I read Georgia Heard's Finding the Heart of Nonfiction about a month ago, and I have been planning to write a Monday post really detailing some of the important points of this book. However, I shared it with one of my teachers who has been reading it as she is teaching our informational writing unit. Per teachers' requests, I have ordered copies for each school and I keep hearing from teachers about how much they are enjoying and using it as they are teaching nonfiction writing units. I love that my teachers don't want to give up their copies of this book, but I don't want to wait longer on this post because I know so many people have moved into teaching nonfiction writing by this time of the year.
Without getting too specific, Finding the Heart of Nonfiction moves writers away from encyclopedia-like informational writing to more, for lack of better word right now, artistic informational writing. For example, Georgia Heard points out that you can learn about a tarantula from an encyclopedia article or from a narrative paragraph such as one that Jean Craighead George would have written; the narrative would be much more likely to have impact and be remembered.
Finding the Heart of Nonfiction is full of specific lessons designed for workshop instruction and full of specific references and incredible mentor texts. I can't imagine that any elementary or middle school teacher wouldn't be inspired by Georgia Heard!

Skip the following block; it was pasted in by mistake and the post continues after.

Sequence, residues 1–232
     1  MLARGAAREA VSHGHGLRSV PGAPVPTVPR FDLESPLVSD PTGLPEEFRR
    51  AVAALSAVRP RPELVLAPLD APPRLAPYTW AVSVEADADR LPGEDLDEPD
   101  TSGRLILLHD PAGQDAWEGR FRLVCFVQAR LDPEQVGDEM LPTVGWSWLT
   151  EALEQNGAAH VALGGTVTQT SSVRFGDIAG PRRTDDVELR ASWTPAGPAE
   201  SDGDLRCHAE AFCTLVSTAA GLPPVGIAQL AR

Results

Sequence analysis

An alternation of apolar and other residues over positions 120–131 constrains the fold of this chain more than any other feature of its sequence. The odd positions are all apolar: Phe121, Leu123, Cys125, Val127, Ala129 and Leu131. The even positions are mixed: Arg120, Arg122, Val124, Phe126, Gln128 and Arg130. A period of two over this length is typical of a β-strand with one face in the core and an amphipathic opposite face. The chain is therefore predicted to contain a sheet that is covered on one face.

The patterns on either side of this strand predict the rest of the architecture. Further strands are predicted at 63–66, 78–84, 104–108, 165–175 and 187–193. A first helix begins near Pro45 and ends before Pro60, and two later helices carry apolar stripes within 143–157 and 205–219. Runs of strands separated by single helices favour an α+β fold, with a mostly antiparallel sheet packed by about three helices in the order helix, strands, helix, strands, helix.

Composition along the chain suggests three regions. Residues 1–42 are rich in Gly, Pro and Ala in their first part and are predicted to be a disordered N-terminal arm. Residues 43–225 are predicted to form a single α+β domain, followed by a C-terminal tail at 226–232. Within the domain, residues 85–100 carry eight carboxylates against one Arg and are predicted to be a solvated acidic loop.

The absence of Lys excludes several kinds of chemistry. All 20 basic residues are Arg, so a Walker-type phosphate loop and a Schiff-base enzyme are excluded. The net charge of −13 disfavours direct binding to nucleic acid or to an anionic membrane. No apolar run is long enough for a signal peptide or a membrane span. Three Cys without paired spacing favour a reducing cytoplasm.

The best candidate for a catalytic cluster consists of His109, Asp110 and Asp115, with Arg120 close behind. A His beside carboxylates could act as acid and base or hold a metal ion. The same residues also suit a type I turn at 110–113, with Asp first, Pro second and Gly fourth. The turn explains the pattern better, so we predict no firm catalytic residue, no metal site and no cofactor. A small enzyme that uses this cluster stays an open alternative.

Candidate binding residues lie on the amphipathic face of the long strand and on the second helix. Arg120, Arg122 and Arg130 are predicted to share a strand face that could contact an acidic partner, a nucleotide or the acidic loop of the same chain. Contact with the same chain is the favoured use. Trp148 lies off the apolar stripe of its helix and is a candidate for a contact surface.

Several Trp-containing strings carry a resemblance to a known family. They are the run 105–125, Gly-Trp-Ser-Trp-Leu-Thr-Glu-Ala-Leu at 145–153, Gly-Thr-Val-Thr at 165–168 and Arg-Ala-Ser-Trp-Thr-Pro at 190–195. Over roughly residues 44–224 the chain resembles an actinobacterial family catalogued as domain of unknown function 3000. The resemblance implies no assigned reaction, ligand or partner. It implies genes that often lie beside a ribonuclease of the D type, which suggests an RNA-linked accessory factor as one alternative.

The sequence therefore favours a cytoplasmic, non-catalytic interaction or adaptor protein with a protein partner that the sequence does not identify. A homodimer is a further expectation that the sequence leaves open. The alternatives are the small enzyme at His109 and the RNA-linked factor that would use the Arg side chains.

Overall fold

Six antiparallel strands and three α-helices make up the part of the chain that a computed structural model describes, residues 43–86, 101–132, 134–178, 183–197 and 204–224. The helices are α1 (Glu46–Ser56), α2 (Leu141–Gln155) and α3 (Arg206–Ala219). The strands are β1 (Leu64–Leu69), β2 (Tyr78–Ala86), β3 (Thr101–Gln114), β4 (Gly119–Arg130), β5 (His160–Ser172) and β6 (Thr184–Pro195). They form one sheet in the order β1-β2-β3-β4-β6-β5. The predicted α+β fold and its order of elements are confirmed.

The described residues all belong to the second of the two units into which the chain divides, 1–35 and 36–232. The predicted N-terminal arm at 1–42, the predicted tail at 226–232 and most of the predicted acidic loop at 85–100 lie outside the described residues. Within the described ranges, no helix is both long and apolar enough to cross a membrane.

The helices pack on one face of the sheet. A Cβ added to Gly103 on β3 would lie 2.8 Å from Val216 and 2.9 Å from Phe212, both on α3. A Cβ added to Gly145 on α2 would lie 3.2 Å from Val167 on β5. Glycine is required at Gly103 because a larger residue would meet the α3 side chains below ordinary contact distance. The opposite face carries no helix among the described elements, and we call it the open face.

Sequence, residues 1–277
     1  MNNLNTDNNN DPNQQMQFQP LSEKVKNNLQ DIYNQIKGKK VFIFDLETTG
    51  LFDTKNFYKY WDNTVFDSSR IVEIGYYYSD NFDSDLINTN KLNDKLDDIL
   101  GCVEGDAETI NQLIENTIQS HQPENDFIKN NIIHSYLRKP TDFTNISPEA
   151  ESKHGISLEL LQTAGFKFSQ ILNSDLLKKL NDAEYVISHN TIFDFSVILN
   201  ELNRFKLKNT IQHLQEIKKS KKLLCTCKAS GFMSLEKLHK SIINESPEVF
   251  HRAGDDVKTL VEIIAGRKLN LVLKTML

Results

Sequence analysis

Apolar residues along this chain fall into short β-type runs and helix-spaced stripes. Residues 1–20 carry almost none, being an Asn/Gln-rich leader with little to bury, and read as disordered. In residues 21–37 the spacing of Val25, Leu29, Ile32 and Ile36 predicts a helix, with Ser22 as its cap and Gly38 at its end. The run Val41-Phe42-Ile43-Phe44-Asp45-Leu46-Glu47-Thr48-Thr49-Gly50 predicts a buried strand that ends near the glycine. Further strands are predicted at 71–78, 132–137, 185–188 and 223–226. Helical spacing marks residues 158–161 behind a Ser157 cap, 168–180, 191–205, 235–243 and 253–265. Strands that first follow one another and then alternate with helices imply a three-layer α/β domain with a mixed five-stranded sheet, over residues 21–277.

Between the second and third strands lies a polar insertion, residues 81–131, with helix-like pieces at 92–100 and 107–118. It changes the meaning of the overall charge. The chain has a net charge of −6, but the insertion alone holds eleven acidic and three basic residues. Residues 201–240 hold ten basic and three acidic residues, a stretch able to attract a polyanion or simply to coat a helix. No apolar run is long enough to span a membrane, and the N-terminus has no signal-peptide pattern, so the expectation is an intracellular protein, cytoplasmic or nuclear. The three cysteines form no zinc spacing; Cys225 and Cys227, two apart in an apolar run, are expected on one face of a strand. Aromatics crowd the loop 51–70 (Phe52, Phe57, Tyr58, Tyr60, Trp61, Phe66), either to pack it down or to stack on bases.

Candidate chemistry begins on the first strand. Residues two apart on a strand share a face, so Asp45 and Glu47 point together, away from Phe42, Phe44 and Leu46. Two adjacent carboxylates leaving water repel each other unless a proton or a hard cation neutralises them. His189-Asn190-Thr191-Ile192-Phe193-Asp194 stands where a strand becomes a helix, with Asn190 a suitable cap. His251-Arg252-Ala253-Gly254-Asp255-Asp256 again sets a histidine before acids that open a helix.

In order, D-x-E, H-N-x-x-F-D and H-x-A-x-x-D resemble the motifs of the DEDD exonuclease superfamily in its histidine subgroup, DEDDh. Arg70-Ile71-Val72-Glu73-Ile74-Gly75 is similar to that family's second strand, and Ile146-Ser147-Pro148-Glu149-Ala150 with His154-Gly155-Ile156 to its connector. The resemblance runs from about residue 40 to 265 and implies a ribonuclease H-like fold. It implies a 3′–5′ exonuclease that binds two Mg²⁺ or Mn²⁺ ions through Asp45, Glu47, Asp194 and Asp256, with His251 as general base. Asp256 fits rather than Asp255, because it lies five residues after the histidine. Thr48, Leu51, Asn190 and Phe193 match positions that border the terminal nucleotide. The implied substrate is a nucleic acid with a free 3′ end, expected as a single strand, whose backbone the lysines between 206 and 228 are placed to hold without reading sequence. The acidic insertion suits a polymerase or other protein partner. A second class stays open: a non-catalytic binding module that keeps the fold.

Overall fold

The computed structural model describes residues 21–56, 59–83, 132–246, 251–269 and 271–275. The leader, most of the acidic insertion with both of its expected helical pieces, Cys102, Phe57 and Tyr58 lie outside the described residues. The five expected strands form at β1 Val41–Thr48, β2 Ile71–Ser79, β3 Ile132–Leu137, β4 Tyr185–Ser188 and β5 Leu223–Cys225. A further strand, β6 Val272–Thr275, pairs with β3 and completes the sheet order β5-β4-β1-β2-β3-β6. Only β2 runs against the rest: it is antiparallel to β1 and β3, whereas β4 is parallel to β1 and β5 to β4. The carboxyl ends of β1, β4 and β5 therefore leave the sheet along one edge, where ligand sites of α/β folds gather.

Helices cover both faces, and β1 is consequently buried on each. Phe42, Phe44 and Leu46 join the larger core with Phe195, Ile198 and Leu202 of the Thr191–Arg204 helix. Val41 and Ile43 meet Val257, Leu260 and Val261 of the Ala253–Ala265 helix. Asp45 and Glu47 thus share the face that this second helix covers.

Along much sillier lines, I picked up a copy of The Klutz Book of Brilliantly Ridiculous Inventions by John Cassidy and Brendan Boyle at the Scholastic warehouse sale. I was thinking that I would give it to one of my nephews for Christmas because he is always making stuff, but my whole family has been previewing it. We have had a lot of laughter and conversations inspired by some of the inventions. How about "Beeping Back-up Shoes?" Or, "The Double Barreled Peanut Butter Jar"--who hasn't gotten peanut butter on their knuckles trying to get to the last of the peanut butter? I love that this book has my youngest daughter reading out loud to us and getting us all to notice our world harder, thinking about inventions that could make our daily lives easier. It's a great book for creating and inspiring innovators!